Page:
Editorial | Where’s the Termination of Pregnancies Act?
The revolt that has broken out across the United States over the apparent intention of the country’s Supreme Court to strike down Roe v Wade is a reminder that the Holness administration continues to tiptoe around the abortion question, two years after a parliamentary committee recommended a conscience vote over whether women should have easier path to terminating their pregnancies.
This newspaper continues to hold that the legislature should vote “yes”, thus affirming women’s agency over their bodies and maternal health, if that is the question upon which it is asked to pronounce. However, the Government should bring to Parliament a bill that fundamentally reforms the existing law, in line with the recommendations of a high-powered policy review commission that reported in 2006.
In the meantime, we again urge Juliet Cuthbert Flynn, the junior minister, to use the bully pulpit that she has in her current job to resume, and extend, the advocacy she began in 2018 while sitting on Parliament’s back benches.
Essentially, Roe v Wade established the clear right for women to terminate pregnancies up to the point that a foetus was unlivable outside the womb – the first trimester. Thereafter, up to six months of pregnancy, states couldn’t ban, but were permitted to introduce reasonable regulations governing abortions. Any prohibition to abortion in the final trimester had to provide exceptions in the event the life of the mother was in danger.
While the 1973 ruling by the Supreme Court is supported by the majority of Americans, it has been subject to constant parries from conservatives, attempting to upend its status as settled law. They appear to have succeeded. Last week, a leaked draft ruling indicated that the court’s new conservative majority voted, at least initially, to overturn the near half-century-old decision. That decision, if it holds, comes as abortion rights expanded in other countries. In recent years, for example, New Zealand and deeply Roman Catholic Ireland and Argentina have voted to remove abortion bans.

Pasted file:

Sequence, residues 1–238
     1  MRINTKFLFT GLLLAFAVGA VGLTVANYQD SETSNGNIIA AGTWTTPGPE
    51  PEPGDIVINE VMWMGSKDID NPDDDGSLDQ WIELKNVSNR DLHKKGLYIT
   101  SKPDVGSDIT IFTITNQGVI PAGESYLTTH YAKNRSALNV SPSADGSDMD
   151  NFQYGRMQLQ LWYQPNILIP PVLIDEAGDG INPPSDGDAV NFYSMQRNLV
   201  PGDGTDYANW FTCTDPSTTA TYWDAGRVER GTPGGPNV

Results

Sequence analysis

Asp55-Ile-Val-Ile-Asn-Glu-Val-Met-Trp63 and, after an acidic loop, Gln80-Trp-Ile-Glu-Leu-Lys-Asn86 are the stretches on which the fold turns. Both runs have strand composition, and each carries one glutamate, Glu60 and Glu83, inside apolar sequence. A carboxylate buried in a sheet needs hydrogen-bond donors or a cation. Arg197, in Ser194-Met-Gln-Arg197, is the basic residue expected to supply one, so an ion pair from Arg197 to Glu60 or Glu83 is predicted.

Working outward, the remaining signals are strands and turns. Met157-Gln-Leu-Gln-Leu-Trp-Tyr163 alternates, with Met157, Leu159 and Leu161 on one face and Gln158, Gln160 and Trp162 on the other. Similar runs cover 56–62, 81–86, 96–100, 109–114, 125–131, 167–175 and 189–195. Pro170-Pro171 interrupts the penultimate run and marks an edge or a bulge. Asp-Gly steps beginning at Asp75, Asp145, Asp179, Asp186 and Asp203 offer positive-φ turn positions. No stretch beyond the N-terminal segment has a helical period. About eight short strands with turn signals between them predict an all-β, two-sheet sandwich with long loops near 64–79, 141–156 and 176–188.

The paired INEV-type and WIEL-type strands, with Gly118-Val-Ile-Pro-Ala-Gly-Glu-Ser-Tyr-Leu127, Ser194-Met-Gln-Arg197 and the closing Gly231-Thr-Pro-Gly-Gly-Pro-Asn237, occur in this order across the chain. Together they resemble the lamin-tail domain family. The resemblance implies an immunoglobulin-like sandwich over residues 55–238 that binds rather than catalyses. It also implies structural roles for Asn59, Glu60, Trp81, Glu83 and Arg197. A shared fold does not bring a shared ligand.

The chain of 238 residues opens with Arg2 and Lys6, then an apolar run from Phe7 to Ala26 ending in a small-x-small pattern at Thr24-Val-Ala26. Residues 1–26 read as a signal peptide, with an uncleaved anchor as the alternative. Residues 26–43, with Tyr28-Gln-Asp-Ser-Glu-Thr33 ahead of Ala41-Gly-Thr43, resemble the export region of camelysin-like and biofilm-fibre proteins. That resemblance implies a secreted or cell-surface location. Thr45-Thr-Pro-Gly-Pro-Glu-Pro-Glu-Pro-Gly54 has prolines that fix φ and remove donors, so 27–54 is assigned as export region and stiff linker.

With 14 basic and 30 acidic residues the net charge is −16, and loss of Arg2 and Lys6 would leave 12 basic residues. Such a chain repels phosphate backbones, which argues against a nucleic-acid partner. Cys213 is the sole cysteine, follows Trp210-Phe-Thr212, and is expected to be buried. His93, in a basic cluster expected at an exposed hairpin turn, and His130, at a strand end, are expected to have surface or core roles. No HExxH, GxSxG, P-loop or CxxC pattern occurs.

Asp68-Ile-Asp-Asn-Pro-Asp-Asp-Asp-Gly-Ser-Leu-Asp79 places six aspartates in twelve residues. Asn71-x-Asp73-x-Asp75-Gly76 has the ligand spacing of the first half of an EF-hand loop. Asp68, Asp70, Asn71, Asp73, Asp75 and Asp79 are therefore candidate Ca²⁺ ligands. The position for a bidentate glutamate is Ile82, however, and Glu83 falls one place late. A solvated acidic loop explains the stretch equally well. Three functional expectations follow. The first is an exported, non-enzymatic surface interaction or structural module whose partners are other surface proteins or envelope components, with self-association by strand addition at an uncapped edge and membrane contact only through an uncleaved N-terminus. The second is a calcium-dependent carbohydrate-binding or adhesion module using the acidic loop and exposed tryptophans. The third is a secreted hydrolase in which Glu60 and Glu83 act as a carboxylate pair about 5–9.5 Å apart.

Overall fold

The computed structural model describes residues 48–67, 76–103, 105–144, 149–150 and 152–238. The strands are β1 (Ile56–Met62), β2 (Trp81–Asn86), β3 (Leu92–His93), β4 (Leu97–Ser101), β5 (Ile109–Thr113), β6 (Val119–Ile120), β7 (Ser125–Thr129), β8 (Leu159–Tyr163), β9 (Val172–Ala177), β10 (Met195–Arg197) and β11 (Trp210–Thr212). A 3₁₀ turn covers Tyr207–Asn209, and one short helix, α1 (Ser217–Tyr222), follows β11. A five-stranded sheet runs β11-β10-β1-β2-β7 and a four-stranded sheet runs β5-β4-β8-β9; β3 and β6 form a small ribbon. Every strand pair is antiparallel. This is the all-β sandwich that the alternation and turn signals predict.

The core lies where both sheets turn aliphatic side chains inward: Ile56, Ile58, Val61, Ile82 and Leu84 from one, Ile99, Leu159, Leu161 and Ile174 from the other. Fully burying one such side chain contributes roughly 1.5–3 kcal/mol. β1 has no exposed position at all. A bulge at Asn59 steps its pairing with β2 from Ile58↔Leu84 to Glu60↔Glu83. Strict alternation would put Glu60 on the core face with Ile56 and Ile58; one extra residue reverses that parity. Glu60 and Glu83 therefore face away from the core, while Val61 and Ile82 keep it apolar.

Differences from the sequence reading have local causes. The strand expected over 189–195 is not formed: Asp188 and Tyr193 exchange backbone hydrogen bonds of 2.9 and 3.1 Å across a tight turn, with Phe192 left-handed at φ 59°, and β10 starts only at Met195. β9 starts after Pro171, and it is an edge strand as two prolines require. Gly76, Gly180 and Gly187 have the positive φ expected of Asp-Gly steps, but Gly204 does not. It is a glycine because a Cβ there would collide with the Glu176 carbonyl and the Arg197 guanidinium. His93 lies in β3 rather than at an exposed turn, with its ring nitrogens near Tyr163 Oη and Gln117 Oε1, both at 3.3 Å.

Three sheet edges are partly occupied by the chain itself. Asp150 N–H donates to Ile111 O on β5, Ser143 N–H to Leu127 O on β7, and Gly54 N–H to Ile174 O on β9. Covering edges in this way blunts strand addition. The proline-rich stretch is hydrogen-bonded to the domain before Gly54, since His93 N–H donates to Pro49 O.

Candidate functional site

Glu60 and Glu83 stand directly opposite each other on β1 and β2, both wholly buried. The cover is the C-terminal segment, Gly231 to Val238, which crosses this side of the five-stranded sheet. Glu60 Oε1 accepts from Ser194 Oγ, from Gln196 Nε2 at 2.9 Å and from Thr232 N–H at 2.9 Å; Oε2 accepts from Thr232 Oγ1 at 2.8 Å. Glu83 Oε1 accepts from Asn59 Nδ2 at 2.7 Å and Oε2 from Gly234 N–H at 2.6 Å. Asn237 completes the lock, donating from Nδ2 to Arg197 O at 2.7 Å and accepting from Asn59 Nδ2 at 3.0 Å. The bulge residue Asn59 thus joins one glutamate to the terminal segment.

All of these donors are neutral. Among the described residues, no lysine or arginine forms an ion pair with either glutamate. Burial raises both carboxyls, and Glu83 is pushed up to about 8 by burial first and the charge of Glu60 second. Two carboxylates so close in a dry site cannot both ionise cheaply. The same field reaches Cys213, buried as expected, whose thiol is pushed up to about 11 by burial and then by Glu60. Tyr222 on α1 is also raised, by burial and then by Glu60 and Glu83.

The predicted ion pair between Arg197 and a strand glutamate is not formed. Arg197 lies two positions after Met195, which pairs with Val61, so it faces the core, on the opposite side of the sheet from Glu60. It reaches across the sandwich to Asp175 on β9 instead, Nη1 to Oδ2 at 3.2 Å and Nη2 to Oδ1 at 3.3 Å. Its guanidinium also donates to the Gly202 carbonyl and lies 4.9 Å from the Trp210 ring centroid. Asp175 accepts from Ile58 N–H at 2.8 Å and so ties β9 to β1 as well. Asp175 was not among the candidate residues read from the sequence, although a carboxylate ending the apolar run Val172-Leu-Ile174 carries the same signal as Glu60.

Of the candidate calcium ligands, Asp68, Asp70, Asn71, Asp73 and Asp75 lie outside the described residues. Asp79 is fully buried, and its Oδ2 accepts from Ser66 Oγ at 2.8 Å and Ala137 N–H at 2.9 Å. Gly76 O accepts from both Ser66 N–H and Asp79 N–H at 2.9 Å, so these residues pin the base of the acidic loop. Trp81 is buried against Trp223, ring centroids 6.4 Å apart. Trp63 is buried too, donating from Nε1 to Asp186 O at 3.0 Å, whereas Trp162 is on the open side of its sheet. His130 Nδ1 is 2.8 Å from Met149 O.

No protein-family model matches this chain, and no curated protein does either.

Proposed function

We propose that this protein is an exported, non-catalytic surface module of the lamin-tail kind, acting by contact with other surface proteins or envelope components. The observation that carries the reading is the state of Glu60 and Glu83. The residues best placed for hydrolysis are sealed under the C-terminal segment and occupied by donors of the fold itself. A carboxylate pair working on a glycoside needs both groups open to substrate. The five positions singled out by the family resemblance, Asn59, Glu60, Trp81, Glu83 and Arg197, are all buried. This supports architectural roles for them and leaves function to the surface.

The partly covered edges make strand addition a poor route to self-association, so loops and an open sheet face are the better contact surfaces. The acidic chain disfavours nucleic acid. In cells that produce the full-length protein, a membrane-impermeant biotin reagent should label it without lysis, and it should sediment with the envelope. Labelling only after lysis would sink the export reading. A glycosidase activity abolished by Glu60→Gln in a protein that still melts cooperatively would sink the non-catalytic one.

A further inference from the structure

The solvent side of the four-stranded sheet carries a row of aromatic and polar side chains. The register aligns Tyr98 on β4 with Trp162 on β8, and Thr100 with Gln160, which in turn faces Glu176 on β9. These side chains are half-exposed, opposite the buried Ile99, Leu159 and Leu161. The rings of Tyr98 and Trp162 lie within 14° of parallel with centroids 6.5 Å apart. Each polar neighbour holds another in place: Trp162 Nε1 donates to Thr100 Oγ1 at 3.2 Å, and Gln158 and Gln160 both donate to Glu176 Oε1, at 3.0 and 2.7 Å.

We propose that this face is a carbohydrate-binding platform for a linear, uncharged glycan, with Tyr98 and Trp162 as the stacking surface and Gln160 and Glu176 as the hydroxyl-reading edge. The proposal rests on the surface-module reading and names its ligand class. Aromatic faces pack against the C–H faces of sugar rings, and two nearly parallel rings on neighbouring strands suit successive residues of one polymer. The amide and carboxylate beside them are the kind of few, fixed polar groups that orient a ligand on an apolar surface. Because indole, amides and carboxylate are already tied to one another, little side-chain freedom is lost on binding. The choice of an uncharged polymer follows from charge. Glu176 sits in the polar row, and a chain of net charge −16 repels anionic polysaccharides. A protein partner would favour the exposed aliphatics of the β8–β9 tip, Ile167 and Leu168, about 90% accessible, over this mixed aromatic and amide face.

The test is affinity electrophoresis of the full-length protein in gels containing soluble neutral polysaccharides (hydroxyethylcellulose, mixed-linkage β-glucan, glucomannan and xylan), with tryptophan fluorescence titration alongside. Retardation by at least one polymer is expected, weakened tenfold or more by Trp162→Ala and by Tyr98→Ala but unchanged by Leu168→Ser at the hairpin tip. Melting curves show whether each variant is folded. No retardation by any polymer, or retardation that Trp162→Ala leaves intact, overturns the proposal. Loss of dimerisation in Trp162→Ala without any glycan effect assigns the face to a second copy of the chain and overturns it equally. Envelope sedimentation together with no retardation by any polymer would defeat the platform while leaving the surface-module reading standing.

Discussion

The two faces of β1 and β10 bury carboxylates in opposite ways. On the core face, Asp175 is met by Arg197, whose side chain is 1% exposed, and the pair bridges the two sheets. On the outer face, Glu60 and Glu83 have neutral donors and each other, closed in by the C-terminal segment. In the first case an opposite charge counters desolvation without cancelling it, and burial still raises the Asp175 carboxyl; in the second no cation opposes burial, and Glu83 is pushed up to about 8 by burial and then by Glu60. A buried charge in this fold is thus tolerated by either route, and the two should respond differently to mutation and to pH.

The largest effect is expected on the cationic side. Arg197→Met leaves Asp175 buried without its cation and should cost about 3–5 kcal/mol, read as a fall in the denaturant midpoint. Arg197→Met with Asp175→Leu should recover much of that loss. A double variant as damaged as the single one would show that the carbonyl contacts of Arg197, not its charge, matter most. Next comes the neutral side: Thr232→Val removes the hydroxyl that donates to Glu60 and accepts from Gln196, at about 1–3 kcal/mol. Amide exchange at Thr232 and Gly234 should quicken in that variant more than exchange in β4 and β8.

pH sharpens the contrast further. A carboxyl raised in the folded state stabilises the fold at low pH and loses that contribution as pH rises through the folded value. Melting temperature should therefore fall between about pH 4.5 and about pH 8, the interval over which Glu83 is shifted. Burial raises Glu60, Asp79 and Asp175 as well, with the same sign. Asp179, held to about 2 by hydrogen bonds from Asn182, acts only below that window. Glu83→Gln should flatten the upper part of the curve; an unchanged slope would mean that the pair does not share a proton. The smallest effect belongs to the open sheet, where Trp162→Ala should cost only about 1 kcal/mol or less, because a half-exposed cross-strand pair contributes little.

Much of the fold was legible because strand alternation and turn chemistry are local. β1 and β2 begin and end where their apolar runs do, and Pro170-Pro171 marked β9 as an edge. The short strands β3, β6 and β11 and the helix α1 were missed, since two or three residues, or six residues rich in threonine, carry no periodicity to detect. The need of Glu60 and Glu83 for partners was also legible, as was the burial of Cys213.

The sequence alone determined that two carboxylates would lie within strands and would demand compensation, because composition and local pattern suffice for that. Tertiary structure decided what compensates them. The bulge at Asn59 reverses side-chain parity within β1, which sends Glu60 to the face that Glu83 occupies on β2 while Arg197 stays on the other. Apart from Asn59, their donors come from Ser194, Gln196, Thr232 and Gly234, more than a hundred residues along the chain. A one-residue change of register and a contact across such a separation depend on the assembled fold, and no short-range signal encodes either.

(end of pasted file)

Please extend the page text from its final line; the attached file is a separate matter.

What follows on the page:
In Jamaica, abortion is almost wholly illegal and carries harsh penalties. Under the 161-year-old Offences Against the Person Act, a women can be imprisoned for life at hard labour for having an abortion. Anyone who aids in the abortion can be jailed for up to three years.
However, it is estimated that up to 20,000 abortions are performed in Jamaica each year, a significant portion of them unsafe back-room procedures by unqualified people. It is mostly poor women who go this route. Some of these abortions end in complications that mostly find their way to public hospitals.
The flip side to this, the anecdotal evidence suggests, is that well-to-do, middle-class women generally have access to safe abortions, performed by private doctors in proper surgeries. So, like many other things in Jamaica, there is a social imbalance in access to abortion.
It is past time that this issue be taken out of the shadows. This means accepting a woman’s right to privacy and control over her body, which comes with an implicit declaration that the state’s interest in pregnancies is negligible until the foetus is medically viable.
In this regard, the Government should forthwith repeal sections 72 and 73 of the Offence Against the Person Act, dealing with abortion. This should be followed, per the 2006 policy recommendation, by a new Termination of Pregnancy Act that, up to the first 12 weeks, leaves the termination of a pregnancy to the sole discretion of a woman, with support from her doctor. Terminations over 12 weeks, and up to 22 weeks, would be conducted in a formal medical setting, supervised by specialist medical practitioners. Terminations would be allowed over 22 weeks in very limited circumstances, including if the life of the mother is threatened.
Easier access to abortion, as some critics claim, wouldn’t necessarily translate to more abortions. In the United States, even with Roe v Wade, there has been a decline in pregnancy terminations, falling from nearly 30 per 100,000 women 15-44 in the early 1980s, to as low as 13.5 in 2017. What it is likely to mean in Jamaica is better healthcare outcomes for women who decide to terminate their pregnancy.
Mrs Cuthbert Flynn, having resuscitated a debate that had gone cold, owes it to herself and the society to push the matter to its logical conclusion – fundamental reform. While this should be a gender-neutral issue, she might nonetheless attempt to leverage the composition of the Parliament, which now has more female members (18 of the 63 MPs) than when she first took up the issue.
Mrs Cuthbert Flynn should also seek to work across the aisle on the matter. Indeed, it was the Opposition, when it formed the Government in the 1970s, that first moved against the overly restrictive abortion law, and was also responsible for establishing the commission that offered even the more progressive recommendations of 2006.